Remote work, or telecommuting, has taken off dramatically in the last few years. A study by IWG shows that 70% of people around the world work remotely at least one day per week, with 53% of people telecommuting for over half of the week.
Telecommuting has come about because of huge improvements in technology that allow remote collaboration and communication, and due to the fact that there are huge benefits from working outside the office. These include a better work/ life balance for employees, lower costs for employers, environmental benefits, and a wider talent pool of employees to hire from.
The rise of remote work shows an automatic correlative rise with virtual teams. But what is a virtual team?
It’s a group of people who work together on a collective goal, completing individual work, but are not physically together. Instead, they work all over the world and communicate using technology.
In other words, a virtual team is basically any kind of office team or department, but taken out of the office and potentially spread all over the world. Thanks to modern technology, including lots of communication and collaboration programmes, having a virtual team has never been easier.
However, despite the rise of such teams in the workplace, there are quite a lot of virtual teams challenges that must be faced, to be able to communicate effectively and normally. These issues can include, but are not limited to: communication difficulties, cultural differences, motivation issues, less office culture and less trust for employees.
However, there are plenty of ways to manage virtual teams in the workplace and overcome all of these issues. Let’s look into what makes a good virtual team!
Possibly the most important thing to consider when managing a virtual team is communication. It’s true that communicating with someone in the office - in person - is always going to be much more effective than speaking online, but thanks to modern technology, virtual conversations and video collaboration have become a lot easier.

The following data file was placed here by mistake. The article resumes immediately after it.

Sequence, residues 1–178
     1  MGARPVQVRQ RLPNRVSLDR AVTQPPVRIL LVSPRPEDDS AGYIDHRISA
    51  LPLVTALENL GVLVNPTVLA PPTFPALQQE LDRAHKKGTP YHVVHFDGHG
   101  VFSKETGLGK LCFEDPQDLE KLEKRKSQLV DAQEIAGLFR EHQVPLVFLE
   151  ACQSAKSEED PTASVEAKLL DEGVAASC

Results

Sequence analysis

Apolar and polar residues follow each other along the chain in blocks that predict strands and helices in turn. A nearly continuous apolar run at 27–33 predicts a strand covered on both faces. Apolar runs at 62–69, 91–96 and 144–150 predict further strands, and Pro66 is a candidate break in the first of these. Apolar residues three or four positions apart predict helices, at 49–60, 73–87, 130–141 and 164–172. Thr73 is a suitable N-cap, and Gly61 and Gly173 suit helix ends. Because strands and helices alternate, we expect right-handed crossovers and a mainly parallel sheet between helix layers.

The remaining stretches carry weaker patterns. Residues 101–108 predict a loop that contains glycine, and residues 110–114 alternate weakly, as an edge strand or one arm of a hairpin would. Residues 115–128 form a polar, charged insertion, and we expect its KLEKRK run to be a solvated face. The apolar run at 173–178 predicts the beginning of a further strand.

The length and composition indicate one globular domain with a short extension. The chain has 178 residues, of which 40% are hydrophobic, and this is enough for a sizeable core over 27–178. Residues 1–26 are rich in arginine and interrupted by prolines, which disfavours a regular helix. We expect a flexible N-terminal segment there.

Use of video conferencing software like Zoom and Microsoft Teams has increased dramatically in recent times, which has prompted companies like Google to bring out competing software - their platform is called Gmeet. The competition in this field means that companies are more likely to improve their software and add extra features to make it feel like employees are ‘in the room’.
For virtual team leaders, it might be a good idea to use an interactive display in their place of work. These function like tablets, with applications including video calling software, but are much larger and must be mounted to the screen. This will enable the team leader to see everyone in more detail, which will more accurately mirror lifelike situations and subsequently help them to pick up body language, just like in an office.
One of the huge advantages to virtual teams is that people can be hired from anywhere. The best people around the world can be allocated to a certain role, without the geographical constraints that come from needing to go into an office every day.
As teams hire remotely, they may be taking on people who live in completely different countries. This can cause cultural differences, which can be a big problem in the workplace.
But the solution comes back to planning and communication; the virtual team leader should take the time to get to know each employee and their culture, and work out, ahead of time, some cultural differences that might occur. If there is something that is non-negotiable, like turning up on time for meetings, then the team leader must make sure that this is very clear in the hiring process.
A successful virtual team will be completely understanding of people’s cultures and accept that sometimes everybody in the team may do things that others don’t understand.